Valentina Magaletti and Theresa Baumgartner gave a glowing performance at Sónar Complex, one of our favorite stages, where we saw Magaletti’s talent as a part of Lawfandah’s band two years ago. The set was co-curated by the Berlin Atonal festival, and definitely one of the picks of Sónar Day. Magaletti started playing with different elements on the floor, and she’s no stranger to utilizing unorthodox apparatus (check her work Batterie Fragile from 2022).  Magaletti walked through the carefully designed scenario where she showcased her unique and ever-evolving vision of rhythm. Such as, playing xylophone with thick synth lines to create a drowsy effect, or drum solos with various approaches to the hi-hats. Half an hour in, with a wirestring brush and a hi-hat, it felt like she was experimenting over a reversed reel in slow motion. Overall the sound felt cinematic and had us thinking about free jazz from the future.


Loraine James


¥ØU$UK€ ¥UK1MAT$U: Yousuke Yukimatsu had it on lock. His technique behind the decks is stand alone and redefines our concept of “eclectic”. Navigating in between the most dispersed and energetic genres, he captured the attention of the global rave scene with his ferocious approach and authenticity in the art of mixing. What we saw was a total party, with everyone dancing and overflowing out of Sónar Park, and we felt that Yousuke would’ve worked great on a bigger stage. We heard techno, future techno, New Orleans bounce, club music from another planet, oscillations in the BPM that induced vertigo and demanded all to pay attention and keep dancing. Placing samples such as: ‘No pare, hijo de la vaina’, all the way to Ryuichi Sakamoto’s “El Mar Mediterrani” (a nod to Barcelona) . His build-ups were impressive, and were part of an effervescent performance that we got to see twice with Yukimatsu also closing out the 6 hours multimedia blast of the Asian Dope Boys collective in Stage+D.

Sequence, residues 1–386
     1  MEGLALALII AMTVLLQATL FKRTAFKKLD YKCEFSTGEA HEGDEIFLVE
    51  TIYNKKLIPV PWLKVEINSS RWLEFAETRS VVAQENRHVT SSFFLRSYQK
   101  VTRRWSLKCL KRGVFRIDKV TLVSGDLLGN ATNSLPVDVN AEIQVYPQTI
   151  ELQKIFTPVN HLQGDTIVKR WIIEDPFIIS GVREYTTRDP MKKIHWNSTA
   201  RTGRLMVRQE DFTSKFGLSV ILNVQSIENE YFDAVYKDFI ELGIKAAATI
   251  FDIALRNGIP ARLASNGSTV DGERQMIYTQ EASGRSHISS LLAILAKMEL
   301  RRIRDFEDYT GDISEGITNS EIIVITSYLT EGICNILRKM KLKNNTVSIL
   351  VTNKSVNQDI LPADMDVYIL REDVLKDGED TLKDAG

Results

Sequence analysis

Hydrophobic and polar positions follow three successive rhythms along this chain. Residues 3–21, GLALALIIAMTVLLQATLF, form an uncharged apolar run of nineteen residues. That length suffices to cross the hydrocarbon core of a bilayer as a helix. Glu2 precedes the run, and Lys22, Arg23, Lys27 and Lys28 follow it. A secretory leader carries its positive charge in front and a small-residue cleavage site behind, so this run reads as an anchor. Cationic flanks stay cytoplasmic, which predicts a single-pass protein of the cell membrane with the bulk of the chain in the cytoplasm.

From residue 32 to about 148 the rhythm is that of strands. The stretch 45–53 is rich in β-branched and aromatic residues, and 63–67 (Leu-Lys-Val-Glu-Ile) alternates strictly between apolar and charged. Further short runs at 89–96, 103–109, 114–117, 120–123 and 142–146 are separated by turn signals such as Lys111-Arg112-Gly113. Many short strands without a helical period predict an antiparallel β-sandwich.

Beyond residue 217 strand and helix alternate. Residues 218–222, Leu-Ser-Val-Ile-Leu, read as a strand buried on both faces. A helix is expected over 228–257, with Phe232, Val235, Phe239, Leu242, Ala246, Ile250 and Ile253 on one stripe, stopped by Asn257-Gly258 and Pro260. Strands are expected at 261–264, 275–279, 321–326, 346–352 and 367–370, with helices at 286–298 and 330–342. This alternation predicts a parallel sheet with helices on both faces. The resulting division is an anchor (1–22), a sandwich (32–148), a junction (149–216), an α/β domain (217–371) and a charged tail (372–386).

Whatever expectations you do or do not have about AsianDopeBoys, forget it and trust that your mind is going to be blown. A long-form performance art piece up to 6 hours long may sound like it would teeter into pretentious territory, but the crew put on a show disguised as the party of a lifetime. The massive tardigrade inflatable dangled from the ceiling might have been a reminder of incredible resilience and evolution, even in the depths of a rave.

Amidst the chaos a tech crew member was sighted rescuing an accordion and other instrumentation from one of the fruit and flora laden shrines, the public began coalescing into the act and the performance frayed into a drink chugging, water pistol-yielding rave cave. A constant churn of audience members entered the performance, on-stage or in other parts of the scenario, fruit was pillaged from the decor and ¥ØU$UK€ ¥UK1MAT$U was at the CDJs for the finale of this weird portal.